Human rights organisations in Egypt have reservations about the fairness of amendments to the country's constitution and consider they constitute a continuation of the violation of political and civil rights.
Earlier this year, Egyptian president, Hosni Mubarak, asked parliament to review article 76 of the constitution to allow, for the first time in Egypt, direct competitive presidential elections. Mubarak has ruled the country for nearly 25 years and the next general election is due in September.
In the past, the country has held a referendum every six years posing the question of whether or not Mubarak should continue as president.
Egyptians voted on 25 May in a referendum on proposed constitutional amendments and according to government statistics, some 83 percent of the poll was in favour of the proposed changes. There were no international observers in attendance at the ballot.
Opposition movements boycotted the referendum and demonstrated on the streets, saying the amendment imposed limitations on possible election candidates.
"These amendments cripple any candidate from nominating himself," director of the Hesham Mubarak Centre, a local human rights organisation, Ahmed Seif, told IRIN in Cairo.
Under the terms of the amendment, presidential candidates should be members of a political party that has been registered for at least five years. In addition, nominees need 250 signatures from members of the People's Assembly (lower house), Shura Council (Upper House) and local councils. Seif also had reservations over the manner in which the referendum was conducted.
"The way the question was posed put voters in a critical position as it limited the choice between having an amendment in the current form or keeping the constitution as it is," he explained. "What if people want an amendment but they don't want the proposed article?" Seif questioned.
According to Mahmoud Aly, director of the Egyptian Association for Democratic Transformation, the amendments constitute a limitation to free elections and not a regulation of them, as state officials claim.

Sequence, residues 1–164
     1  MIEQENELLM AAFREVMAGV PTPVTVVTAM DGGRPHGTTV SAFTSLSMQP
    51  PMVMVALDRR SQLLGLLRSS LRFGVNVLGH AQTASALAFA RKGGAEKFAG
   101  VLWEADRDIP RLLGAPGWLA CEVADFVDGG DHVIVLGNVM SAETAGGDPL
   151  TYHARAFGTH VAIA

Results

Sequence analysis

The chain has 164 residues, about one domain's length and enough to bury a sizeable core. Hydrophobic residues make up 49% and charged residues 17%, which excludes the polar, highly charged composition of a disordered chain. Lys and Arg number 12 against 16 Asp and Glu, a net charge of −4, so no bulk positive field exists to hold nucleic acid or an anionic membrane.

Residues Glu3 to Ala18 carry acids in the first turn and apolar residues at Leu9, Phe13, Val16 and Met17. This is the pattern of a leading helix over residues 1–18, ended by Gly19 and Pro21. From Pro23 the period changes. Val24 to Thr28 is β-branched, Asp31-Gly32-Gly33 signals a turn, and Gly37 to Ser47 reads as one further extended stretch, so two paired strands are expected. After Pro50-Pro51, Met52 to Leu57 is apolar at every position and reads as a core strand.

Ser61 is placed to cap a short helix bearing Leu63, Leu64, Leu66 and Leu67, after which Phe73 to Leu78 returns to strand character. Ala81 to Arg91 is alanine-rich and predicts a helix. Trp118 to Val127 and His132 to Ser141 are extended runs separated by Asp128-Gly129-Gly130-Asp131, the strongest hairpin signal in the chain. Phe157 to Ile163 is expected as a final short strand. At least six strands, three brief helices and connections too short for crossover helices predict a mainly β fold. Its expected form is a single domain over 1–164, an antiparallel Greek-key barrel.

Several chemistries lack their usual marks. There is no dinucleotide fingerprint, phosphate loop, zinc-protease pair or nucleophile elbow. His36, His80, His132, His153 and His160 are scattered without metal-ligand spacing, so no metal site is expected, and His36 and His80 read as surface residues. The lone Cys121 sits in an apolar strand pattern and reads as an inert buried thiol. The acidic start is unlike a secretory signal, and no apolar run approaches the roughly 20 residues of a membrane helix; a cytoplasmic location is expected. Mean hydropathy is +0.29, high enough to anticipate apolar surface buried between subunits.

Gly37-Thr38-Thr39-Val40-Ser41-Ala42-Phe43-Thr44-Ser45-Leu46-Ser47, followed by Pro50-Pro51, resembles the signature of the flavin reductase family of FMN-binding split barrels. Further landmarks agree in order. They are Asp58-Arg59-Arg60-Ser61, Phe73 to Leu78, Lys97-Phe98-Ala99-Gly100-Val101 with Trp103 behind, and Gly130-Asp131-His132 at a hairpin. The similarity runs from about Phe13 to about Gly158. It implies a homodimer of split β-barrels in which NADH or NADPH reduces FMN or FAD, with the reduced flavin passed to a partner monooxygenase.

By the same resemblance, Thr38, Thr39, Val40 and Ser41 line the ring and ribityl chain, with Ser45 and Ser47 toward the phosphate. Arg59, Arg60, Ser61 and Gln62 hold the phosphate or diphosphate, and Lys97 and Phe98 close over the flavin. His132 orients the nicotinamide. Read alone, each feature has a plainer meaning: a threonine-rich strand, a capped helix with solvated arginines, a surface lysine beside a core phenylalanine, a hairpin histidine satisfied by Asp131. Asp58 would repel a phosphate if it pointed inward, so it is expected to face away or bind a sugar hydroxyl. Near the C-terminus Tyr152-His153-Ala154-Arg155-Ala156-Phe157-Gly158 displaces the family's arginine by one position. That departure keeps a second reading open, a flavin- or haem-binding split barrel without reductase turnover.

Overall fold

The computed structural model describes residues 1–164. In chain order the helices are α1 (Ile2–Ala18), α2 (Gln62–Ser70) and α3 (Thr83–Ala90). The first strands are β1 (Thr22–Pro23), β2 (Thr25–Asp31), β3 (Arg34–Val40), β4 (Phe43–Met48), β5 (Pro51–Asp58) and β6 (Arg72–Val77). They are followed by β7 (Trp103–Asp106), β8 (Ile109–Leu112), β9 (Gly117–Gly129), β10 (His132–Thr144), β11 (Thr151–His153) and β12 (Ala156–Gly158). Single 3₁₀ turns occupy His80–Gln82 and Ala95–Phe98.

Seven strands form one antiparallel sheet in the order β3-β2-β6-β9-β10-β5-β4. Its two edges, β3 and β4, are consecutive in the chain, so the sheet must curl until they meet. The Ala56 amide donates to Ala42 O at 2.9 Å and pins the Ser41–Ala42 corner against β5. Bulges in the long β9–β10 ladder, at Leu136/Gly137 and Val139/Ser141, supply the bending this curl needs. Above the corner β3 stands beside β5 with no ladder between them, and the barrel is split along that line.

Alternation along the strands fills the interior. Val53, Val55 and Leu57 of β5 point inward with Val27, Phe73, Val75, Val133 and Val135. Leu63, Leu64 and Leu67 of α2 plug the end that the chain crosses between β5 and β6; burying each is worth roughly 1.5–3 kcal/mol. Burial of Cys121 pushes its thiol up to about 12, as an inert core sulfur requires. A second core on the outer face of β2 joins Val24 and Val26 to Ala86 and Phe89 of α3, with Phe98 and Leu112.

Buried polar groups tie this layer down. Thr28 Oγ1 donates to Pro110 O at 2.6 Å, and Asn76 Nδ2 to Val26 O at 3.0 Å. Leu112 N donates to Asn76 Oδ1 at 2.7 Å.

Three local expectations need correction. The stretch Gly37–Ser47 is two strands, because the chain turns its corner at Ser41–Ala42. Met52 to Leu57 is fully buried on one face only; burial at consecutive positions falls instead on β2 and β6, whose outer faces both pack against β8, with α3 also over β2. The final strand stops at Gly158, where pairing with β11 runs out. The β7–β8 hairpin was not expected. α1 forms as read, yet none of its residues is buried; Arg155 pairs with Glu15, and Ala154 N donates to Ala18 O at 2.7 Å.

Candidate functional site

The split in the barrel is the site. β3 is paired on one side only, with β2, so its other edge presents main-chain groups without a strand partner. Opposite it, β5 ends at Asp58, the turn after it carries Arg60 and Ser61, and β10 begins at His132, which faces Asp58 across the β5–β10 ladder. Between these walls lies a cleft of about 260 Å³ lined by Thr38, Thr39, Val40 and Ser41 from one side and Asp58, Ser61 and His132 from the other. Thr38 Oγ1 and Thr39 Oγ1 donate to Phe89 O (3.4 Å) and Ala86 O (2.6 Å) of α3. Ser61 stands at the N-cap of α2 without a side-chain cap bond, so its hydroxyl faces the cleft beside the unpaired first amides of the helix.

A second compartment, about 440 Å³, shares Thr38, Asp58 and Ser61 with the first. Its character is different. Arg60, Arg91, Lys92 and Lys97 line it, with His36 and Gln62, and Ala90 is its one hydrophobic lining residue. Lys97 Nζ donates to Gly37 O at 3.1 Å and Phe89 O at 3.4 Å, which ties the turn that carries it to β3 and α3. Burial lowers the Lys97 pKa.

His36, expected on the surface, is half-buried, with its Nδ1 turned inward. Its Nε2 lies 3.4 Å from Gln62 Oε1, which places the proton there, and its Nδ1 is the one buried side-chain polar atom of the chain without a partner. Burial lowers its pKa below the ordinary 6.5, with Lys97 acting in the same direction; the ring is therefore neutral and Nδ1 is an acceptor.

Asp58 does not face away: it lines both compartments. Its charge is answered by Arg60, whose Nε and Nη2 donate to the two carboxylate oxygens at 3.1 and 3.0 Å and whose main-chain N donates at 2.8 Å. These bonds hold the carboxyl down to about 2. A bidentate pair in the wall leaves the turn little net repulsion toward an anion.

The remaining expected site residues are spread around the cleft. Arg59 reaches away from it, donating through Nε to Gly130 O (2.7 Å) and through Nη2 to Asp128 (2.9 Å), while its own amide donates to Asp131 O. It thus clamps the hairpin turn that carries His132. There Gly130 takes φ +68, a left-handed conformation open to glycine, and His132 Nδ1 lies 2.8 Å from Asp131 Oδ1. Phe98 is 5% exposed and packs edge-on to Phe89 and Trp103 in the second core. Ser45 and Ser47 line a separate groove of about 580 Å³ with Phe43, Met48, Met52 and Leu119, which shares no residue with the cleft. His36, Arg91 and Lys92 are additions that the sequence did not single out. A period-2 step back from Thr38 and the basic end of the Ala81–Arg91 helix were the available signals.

He confirmed that in view of the current political environment in Egypt, opposition parties would never be able to acquire the minimum requirements for entering presidential elections.
"We all know that legislative elections in Egypt are corrupt and witness severe state intervention. I don't think that this situation will change anytime soon," he told IRIN.
He added that these amendments could be suitable if the political environment in Egypt was more democratic and transparent. However, he insisted that the minimum requirements for nomination were too difficult to acquire.
"Everyone should have the right to nominate his or herself. This right can be regulated by minimum conditions such as the age of the candidate. In light of this, the current amendment is a limitation and not a regulation," he added.
Fadi el-Qadi, Regional Advocacy Director for Human Rights Watch (HRW) told IRIN that a referendum was not sufficient for real democratic transformation in Egypt.
"In my opinion, there should have been a serious and in-depth review for the whole electoral system," he said, adding that this was a violation of civil and political rights as there was an obvious intervention in the people's right to choose.
Additionally, Egypt has been governed under a state of emergency for more than 24 years with the exception of a few years as a result of wars and a period of militant unrest in the 1990s.
Mahmoud Aly insisted that the continuation of the emergency law in Egypt would hinder any real democratic transformation. Under the emergency law, civil and political rights are constantly being violated and the right to demonstrate and assemble peacefully is banned.
In addition, the law gives executive authorities complete power over all other bodies. The present government maintains, however, that it is still a necessary security measure.